Tourists meet turtles: Volunteers talk education as turtle season begins

Published: Thursday, May 23, 2013 at 01:20 PM.

Maxwell called one of her Turtle Watch volunteers to go down and check on the situation.

By the time volunteer Erica Magera arrived, Day and a vendor had gone into the water and picked up the small turtle, taken it ashore, and removed a hook that was caught in its neck. The turtle was a Kemp's ridley, and the men covered it with a wet towel until Magera arrived. She determined that the turtle appeared healthy.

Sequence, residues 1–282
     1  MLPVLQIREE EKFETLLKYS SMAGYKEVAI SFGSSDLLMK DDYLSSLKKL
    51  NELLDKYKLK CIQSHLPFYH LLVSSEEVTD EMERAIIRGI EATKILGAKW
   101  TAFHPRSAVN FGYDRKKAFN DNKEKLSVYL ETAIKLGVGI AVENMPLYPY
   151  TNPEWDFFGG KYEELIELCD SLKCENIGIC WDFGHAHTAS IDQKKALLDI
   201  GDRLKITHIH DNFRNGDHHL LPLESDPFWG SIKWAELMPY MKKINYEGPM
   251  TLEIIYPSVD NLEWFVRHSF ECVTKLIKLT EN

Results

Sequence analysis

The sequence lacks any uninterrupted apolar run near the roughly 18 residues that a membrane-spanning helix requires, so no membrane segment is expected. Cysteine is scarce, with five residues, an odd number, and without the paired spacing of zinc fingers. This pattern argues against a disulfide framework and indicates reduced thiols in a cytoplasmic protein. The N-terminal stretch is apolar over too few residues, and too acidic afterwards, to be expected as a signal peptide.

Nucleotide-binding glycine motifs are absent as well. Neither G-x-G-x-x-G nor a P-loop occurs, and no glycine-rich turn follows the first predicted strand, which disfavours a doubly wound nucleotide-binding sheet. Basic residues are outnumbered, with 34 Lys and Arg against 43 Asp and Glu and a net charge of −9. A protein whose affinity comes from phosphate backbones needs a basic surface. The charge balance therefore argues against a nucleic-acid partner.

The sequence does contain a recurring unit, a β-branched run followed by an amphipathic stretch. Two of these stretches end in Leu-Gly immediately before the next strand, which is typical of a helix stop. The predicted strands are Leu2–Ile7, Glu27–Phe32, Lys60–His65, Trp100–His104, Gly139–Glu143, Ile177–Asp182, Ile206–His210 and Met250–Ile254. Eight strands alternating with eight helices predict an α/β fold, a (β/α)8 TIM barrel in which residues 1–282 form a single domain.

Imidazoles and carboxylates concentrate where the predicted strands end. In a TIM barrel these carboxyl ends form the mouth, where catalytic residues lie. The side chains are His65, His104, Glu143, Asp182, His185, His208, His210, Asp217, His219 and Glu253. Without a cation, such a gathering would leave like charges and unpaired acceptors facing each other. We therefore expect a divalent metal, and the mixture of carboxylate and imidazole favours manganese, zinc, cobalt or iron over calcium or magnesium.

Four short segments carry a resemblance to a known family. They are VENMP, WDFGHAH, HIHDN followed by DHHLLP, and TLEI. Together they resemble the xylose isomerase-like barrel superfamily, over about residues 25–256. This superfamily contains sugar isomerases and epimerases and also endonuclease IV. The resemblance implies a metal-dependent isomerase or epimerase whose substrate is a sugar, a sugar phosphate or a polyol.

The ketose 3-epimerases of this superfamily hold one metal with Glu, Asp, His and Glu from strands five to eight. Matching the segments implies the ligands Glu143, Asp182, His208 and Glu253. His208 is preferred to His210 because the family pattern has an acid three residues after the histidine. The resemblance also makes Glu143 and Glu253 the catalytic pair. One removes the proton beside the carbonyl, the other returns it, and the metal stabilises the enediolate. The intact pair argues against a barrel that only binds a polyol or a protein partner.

Magera called Gulf World and the Florida Wildlife Conservation Commission and the three entities made the joint decision that since the turtle seemed lively, the least stressful thing to do for the turtle would be to take it back out past the second sand bar and let it go.

That strategy seemed to work as it swam away, said Magera.

South Walton Turtle Watch is made up of a group of volunteers (about 50) who work together with the U.S. Fish & Wildlife to track, mark, monitor, and evaluate sea turtle nests and turtles. The South Walton chapter was founded in April 1995 by Maxwell.

South Walton saw a whopping 97 nests last year, while the average year sees 30 to 35.

For more information, visit www.southwaltonturtlewatch.org.



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